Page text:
The Garden Bloggers Gather. And Blather.


A whole bunch of rambuncious garden bloggers (64, if I'm counting the blogroll right)  are convering on Seattle for the–what, third? fourth? fifth? annual gathering of garden bloggers?  Let's see, we had Austin, Chicago, Buffalo…I guess this is #4.

And I have yet to make it to one, but I love following along on Twitter.  It's #seattlefling – so check that out if you want to get some vicarious thrills.

It's a big job for a group of volunteers to put this thing together, and it's no small feat for the bloggers themselves to get on a plane and get out there.  I love the way this thing has come together in such a–shall I say–organic fashion over the last few years.

And there's a long list of sponsors who have chipped in to make it all possible, so do give them your thanks if you have the opportunity. You can find all of their links on the Fling website.


  1. I have yet to make it to one either–I’m much more likely to get to a Garden Writers shindig although I’ve missed the last two of those as well. Just not in the budget lately. But the networking and information at these sorts of things are invaluable. Enjoy folks!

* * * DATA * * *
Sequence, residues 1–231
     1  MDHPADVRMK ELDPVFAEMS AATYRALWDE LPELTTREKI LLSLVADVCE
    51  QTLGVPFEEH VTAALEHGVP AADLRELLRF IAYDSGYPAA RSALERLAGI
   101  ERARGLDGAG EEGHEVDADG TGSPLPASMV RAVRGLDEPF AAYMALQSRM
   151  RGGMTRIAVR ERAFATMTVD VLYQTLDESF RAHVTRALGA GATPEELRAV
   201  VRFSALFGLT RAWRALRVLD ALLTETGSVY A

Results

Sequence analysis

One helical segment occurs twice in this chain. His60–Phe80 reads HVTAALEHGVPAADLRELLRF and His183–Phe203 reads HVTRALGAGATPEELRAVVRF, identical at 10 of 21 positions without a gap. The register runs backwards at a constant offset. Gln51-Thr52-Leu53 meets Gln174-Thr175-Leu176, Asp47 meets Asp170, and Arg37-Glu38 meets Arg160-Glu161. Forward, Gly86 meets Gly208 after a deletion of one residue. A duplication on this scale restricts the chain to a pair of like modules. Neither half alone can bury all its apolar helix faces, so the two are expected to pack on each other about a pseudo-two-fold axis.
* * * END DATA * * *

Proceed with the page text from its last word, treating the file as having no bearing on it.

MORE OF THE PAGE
2. Speaking from Austin, where we had the very first ever – it’s been a great ride. Each one has been fabulous and unique. I can’t wait for the #SeattleFling to start — we’ll be hanging with good friends, seeing amazing gardens and learning lots of new things. You should put the next one (wherever that might be) on your list for 2012! Or host it!

  3. Hey, I’ve been telling everyone the 2012 Fling will be in Asheville, thanks to, among others, Christopher C, a frequent commenter here. Hope that’s true – and not just because I’m repeating that rumor like I know what I talking about. Never been! Wanna go! College boyfriend lives there I want to see again! Enough exclamation points – I’ve gotta go pack for Seattle.

  4. Completely off topic … but did anyone else see that it is Gregor Mendel 189th birthday (according to Google) ? We gardeners owe a lot to him for his early research in genetics using peas. Wonder what he’d make of the GMO issues we see today ?

Comments are closed.